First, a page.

Prehab—Why You Should Have Therapy Before Surgery


Whether you’ve been suffering from chronic knee pain for five years or you traumatically tore your ACL during last month’s ski trip, one way or another you’ve found yourself in need of a surgical intervention.

You’ve been referred to an orthopedic surgeon whom you have never met, for a surgery you thought you would never need. After consulting your family, friends and the infinite knowledge on Google, your calendar is marked and the surgery date is set. Your neighbor volunteered to drive you to and from the surgery center, and a coworker has already brought over a mysterious casserole and some chicken noodle soup for your recovery. In spite of all this planning, you are still scared and unsure of what to expect in the days, weeks and months following your surgery.

Prehabilitation or “prehab” is when a patient seeks physical therapy prior to their orthopedic surgery. This approach improves the odds of a successful surgical outcome by combining knowledge and specific exercise. It’s also an opportunity to become acquainted with the office, staff and physical therapist that will be guiding them through the rehabilitation process.

Traditionally, patients are referred to physical therapy within 3-14 days after their procedure. During this time, patients can be in pain, under heavy influence of pain medication, and scared that physical therapy will hurt them. When a patient opts for prehab instead, she can establish a rapport with her physical therapist, and her PT can answer any questions she may have about using braces and walking devices after surgery. Answering a patient’s questions so she knows what to expect will increase her confidence in achieving a full recovery.

In addition to the emotional benefits of prehab, the primary focus is to establish an exercise routine prior to surgery, which makes recovery easier. Outcomes after surgery are determined 50% by the surgeon and 50% by the patient’s commitment to recovery before the surgery even takes place, according to Vonda Wright, Associate Professor of Orthopedic Surgery at University of Pittsburgh’s Center for Sports Medicine.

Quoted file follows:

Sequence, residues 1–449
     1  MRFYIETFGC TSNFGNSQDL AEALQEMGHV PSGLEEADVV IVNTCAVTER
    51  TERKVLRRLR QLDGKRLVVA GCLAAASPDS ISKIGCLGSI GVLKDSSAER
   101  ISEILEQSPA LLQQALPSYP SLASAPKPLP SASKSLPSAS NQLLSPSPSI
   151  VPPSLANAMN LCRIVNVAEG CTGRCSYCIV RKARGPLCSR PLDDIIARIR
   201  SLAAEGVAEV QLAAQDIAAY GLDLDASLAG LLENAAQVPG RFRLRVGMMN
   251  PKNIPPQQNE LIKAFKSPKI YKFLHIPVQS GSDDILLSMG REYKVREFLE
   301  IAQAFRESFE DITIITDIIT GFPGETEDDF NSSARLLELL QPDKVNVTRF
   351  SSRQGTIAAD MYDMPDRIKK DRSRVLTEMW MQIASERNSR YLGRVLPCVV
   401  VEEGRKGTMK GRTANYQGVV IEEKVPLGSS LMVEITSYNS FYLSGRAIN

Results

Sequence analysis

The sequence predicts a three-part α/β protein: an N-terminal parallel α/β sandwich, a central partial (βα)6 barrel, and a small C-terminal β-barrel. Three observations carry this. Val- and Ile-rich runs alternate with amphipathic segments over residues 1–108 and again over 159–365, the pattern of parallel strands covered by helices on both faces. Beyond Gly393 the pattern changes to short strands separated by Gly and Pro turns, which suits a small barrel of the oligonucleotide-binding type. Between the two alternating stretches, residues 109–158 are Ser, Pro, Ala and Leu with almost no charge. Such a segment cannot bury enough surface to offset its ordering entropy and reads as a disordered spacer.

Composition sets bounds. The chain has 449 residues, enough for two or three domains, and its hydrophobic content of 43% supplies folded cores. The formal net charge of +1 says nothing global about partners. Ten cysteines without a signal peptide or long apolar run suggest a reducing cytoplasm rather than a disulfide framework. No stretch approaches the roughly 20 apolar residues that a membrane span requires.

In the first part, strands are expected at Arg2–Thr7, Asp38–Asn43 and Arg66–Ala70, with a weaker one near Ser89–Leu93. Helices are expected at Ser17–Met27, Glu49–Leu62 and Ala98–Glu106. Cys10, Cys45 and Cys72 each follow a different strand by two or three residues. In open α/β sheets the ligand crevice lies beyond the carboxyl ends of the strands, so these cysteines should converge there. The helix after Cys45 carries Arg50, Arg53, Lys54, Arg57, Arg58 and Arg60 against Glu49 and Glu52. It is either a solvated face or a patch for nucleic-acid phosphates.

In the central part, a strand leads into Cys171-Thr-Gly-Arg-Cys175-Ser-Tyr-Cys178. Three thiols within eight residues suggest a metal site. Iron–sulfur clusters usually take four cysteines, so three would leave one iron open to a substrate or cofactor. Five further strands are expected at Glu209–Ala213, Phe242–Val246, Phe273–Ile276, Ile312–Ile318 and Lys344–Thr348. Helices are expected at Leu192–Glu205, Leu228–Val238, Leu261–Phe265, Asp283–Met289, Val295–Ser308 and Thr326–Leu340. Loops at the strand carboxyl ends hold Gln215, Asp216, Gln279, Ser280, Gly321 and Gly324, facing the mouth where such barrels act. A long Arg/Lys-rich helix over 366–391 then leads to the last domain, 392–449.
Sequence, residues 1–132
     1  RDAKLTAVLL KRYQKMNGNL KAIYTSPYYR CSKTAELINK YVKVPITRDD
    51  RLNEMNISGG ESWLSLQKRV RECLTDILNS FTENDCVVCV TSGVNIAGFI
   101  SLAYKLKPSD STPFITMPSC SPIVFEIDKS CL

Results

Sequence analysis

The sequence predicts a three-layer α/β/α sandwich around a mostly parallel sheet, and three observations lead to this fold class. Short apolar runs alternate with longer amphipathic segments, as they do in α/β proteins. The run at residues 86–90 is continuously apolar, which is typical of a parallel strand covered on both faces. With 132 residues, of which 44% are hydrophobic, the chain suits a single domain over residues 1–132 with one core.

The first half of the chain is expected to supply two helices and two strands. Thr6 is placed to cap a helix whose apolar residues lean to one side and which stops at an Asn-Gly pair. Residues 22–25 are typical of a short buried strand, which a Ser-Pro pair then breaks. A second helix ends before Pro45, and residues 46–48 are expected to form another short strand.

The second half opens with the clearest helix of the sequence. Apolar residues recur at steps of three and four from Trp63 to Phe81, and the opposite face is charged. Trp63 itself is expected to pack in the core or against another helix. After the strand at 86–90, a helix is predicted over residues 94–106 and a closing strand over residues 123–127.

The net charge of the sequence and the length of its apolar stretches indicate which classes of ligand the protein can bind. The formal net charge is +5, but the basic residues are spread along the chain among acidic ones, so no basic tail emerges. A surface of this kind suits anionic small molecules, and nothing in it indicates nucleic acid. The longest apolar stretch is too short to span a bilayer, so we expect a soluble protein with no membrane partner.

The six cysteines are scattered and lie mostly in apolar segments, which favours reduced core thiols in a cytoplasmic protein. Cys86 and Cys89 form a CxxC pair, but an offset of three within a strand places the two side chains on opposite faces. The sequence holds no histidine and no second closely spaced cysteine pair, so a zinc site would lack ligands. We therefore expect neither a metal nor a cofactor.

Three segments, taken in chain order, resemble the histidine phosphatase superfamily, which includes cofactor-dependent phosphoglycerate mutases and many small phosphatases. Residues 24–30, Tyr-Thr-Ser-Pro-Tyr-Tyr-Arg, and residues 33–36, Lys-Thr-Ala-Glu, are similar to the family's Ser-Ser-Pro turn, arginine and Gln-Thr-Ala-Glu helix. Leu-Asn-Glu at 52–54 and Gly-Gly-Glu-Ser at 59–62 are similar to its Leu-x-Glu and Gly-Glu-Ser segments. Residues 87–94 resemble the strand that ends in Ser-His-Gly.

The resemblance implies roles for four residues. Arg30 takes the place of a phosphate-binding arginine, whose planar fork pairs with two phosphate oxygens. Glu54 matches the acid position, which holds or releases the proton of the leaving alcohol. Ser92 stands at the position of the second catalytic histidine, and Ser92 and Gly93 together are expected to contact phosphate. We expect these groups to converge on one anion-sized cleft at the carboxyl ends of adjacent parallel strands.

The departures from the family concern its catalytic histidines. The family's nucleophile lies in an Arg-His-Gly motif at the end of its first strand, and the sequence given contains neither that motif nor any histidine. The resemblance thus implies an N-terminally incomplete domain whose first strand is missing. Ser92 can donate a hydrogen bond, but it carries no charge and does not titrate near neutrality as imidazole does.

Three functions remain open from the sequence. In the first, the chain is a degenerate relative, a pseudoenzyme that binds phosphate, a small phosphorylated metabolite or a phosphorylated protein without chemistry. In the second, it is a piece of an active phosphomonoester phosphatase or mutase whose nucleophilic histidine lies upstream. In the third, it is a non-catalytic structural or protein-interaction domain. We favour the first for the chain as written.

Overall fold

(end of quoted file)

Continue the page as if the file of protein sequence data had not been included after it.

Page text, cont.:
Studies have shown the positive effects of prehab in patients undergoing artificial hip and knee replacements. Those patients who complete strength, aerobic, and flexibility exercises prior to surgery are less likely to need inpatient rehabilitation and typically recover faster.

If your surgeon recommends it, prehab therapy is usually started six weeks prior to surgery. During this time a physical therapist will prescribe exercises to improve both strength and flexibility which helps jump start recovery. Under the guidance of a PT, you’re less likely to exacerbate current injuries and you can prepare as your surgery date approaches. Some patients are stymied when their insurance doesn’t cover six weeks of visits prior to surgery. In these cases, a physical therapist can teach the patient a land or water-based home exercise program that she can complete at home.

While in prehab, it’s important to consider adjusting your diet as well to decrease inflammation and help with the healing process. The reduction of inflammatory foods like unhealthy trans fats and saturated fats found in processed foods is a good first step towards cleaning up your diet prior to surgery. Limiting food high in sugar such as candy, soda, and pastries is also recommended. Patients can satisfy their sweet tooth with the natural sugars found in fruit. It’s important to eat healthy fats, protein, and fiber instead. For a healthy source of omega-3 fatty acids, try snacking on walnuts, chia and flax seeds, or cooking up some wild salmon for dinner—these foods fight inflammation that causes joint pain. Adding foods high in fiber is easy with the abundance of whole grains and dark leafy vegetables, available year round at your local grocery store. In addition to being high in vitamins and minerals, fiber can prevent unpleasant bowel issues like constipation that is a common issue postoperatively when patients are taking high doses of pain medication. Be sure to consume lean proteins like poultry, fish and other seafood, nuts, legumes and tofu, so your body is fueled to build healthy tissue during your recovery. Cleaning up your diet before your operation will drastically help your recovery in the weeks following surgery.

Prehab is an opportunity for patients to become proactive in their recovery, even before their surgery takes place. Be sure to consult your local Arizona physical therapy expert prior to your next surgery to establish a prehab program that is right for you!

 

Reference:

http://www.arthritis.org/living-with-arthritis/treatments/joint-surgery/preparing/prehab-surgery.php

 


Brooke Dolberg

PT, DPT | Old Town Scottsdale Location